Our breakfast was a combination of hash browns ($1.30), cheeseburgers ($2.70), and the Croque McDo ($2.50).

At 7:40am, there was a general announcement for everyone to start lining up.

And once they checked your ticket and passport, you walk out on the tarmac on to the plane.

Hey little guy, what are you doing out here? It's a little ways from the beach.

Off we go!

No assigned seats here. Just pick wherever you like.

The seats here are bench seats with both backs connected.

Off we go!

In flight they served island juice as a beverage. Pineapple. Mmm, my favorite.

At 8:50am we were landed and at the terminal. Looks like there was some rain here recently.

Waiting for our luggage. It all shows up on that table in the background as it comes off the plane.

Our bags were one of the first to show up and we walked over the to ferry dock.
Welcome to Bora Bora!

From the airport, there is a free ferry that takes you to the main island of Bora Bora.

A map of the route the boat takes to get you to the town of Vaitape.

Here we are at the docks!

Now we could have taken a boat directly to the hotel, but we're on a mission.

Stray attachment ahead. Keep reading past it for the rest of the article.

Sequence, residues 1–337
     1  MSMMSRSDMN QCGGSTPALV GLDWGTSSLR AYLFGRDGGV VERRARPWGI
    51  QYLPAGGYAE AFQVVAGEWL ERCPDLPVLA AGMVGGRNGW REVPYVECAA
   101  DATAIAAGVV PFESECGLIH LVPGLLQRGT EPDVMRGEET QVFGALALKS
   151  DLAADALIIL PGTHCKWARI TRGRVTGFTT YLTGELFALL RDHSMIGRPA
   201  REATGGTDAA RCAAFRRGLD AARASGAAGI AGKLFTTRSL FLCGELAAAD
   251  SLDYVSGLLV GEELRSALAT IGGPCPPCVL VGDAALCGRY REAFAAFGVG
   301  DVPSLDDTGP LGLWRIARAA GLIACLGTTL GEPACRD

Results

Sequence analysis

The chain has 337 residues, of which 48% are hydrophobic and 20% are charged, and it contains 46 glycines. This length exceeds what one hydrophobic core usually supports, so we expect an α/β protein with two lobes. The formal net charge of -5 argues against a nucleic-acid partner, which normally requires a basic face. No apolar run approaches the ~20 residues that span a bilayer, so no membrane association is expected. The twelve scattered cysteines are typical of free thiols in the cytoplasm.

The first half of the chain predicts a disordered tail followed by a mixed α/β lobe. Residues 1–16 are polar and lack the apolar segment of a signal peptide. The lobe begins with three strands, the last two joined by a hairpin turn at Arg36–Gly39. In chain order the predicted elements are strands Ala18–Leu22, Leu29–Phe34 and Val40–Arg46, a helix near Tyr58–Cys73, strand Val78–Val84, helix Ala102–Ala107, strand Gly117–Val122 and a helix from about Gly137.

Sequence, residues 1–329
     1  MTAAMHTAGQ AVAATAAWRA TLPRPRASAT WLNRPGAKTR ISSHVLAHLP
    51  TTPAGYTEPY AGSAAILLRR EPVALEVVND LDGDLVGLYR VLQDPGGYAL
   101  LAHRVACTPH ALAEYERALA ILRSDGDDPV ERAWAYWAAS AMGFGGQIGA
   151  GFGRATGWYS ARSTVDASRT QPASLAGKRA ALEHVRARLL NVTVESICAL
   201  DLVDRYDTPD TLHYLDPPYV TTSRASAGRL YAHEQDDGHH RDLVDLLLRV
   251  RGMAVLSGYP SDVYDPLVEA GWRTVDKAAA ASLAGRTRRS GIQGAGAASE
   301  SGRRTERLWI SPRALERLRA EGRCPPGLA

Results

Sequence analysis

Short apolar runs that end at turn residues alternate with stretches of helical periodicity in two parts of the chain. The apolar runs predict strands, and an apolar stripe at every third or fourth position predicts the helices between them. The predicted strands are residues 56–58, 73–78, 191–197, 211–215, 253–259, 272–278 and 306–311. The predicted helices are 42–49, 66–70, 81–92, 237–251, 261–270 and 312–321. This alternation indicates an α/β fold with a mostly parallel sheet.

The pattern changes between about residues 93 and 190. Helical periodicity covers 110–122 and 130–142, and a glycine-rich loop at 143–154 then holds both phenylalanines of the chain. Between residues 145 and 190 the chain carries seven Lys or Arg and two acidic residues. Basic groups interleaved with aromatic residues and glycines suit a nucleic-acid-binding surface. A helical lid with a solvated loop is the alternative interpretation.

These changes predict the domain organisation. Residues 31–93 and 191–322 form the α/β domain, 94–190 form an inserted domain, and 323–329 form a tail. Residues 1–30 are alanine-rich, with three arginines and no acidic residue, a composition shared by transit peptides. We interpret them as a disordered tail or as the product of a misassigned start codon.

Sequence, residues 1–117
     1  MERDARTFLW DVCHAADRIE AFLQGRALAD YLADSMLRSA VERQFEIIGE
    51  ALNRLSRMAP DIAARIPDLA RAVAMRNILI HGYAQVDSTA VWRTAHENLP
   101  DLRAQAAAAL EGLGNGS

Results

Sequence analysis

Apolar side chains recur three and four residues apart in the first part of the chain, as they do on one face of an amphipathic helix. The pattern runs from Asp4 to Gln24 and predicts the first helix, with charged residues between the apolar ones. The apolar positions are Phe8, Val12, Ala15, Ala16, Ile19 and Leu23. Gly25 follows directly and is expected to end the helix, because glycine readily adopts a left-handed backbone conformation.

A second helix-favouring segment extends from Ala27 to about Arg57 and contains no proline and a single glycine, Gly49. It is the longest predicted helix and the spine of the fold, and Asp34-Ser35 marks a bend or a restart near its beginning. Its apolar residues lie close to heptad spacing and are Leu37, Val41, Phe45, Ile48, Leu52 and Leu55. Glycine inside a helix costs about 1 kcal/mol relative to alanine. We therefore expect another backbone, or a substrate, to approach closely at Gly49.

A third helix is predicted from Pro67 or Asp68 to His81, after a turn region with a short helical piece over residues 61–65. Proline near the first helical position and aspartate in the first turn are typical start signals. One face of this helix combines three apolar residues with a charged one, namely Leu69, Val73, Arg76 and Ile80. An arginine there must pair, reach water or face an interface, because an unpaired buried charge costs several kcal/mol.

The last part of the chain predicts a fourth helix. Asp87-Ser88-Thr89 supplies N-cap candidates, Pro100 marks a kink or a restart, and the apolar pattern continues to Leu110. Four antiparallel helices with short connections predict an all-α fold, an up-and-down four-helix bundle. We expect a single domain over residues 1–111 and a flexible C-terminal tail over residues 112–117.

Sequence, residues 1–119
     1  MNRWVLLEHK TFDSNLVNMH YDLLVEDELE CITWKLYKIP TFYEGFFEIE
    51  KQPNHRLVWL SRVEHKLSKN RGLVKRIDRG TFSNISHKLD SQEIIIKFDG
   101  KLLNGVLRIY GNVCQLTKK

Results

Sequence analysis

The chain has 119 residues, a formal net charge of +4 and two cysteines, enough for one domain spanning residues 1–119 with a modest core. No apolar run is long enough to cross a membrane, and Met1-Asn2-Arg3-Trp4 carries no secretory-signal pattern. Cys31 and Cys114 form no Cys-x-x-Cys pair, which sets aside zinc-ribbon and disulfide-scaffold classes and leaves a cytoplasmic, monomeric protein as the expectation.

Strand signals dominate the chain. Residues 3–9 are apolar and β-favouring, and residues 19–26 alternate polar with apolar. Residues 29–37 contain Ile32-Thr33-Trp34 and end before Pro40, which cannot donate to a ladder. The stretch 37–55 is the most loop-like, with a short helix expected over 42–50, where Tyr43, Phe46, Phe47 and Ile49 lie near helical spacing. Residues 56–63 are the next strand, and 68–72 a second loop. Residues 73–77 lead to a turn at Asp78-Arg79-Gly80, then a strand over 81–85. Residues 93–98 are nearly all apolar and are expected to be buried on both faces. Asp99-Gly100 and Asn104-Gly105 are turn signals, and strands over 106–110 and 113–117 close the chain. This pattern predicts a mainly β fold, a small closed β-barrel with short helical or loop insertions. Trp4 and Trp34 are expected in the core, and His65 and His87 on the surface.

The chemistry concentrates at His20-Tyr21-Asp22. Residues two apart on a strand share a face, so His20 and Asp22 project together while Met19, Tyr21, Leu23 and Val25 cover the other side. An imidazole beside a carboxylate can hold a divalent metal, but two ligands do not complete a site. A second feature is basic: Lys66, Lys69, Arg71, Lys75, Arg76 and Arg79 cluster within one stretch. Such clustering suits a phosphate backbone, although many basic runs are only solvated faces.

Some of the nicer hotels here are on what's known as a motu, which are smaller islands surrounding the main island. But, since they're on an island you don't have easy access to the main island. You'd need to take a water taxi back to the main island if you want to shop. That means all meals are with the hotel! Even back home hotel restaurants are expensive, so you know in a tropical location where you have no other options, it's going to be nuts.

Theresa did some research ahead of time and found two grocery stores within walking distance of the docks where we're going to stock up on food.

It was a pleasant walk at 9:30am and being a little overcast make the heat tolerable.

Here's our first stop. The Chin Lee Bora Bora.

No issues walking in with these giant backpacks.

They've got pretty much everything you could ever want.

Oh yeah. That's something else I've been looking forward to. The bread here is subsidized, so they make a whole bunch of it and it comes out frequently. Only 57 cents a loaf!